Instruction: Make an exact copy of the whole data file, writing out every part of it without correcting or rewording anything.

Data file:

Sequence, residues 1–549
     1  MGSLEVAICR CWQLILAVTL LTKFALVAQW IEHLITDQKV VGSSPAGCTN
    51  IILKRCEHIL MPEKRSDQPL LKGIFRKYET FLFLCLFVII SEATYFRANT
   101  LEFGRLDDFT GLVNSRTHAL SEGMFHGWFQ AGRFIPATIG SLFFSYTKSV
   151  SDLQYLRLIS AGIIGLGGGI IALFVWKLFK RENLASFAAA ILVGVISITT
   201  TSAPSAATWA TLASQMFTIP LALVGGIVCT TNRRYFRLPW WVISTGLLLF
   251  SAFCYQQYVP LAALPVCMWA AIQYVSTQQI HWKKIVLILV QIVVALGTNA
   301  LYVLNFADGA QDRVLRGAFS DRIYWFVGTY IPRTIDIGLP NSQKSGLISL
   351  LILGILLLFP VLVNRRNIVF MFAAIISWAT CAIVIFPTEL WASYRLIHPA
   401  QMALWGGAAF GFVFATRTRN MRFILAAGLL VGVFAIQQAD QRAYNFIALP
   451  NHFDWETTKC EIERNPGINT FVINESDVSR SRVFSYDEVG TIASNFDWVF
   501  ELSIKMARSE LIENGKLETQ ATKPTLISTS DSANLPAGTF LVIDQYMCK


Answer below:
Sequence, residues 1–549
     1  MGSLEVAICR CWQLILAVTL LTKFALVAQW IEHLITDQKV VGSSPAGCTN
    51  IILKRCEHIL MPEKRSDQPL LKGIFRKYET FLFLCLFVII SEATYFRANT
   101  LEFGRLDDFT GLVNSRTHAL SEGMFHGWFQ AGRFIPATIG SLFFSYTKSV
   151  SDLQYLRLIS AGIIGLGGGI IALFVWKLFK RENLASFAAA ILVGVISITT
   201  TSAPSAATWA TLASQMFTIP LALVGGIVCT TNRRYFRLPW WVISTGLLLF
   251  SAFCYQQYVP LAALPVCMWA AIQYVSTQQI HWKKIVLILV QIVVALGTNA
   301  LYVLNFADGA QDRVLRGAFS DRIYWFVGTY IPRTIDIGLP NSQKSGLISL
   351  LILGILLLFP VLVNRRNIVF MFAAIISWAT CAIVIFPTEL WASYRLIHPA
   401  QMALWGGAAF GFVFATRTRN MRFILAAGLL VGVFAIQQAD QRAYNFIALP
   451  NHFDWETTKC EIERNPGINT FVINESDVSR SRVFSYDEVG TIASNFDWVF
   501  ELSIKMARSE LIENGKLETQ ATKPTLISTS DSANLPAGTF LVIDQYMCK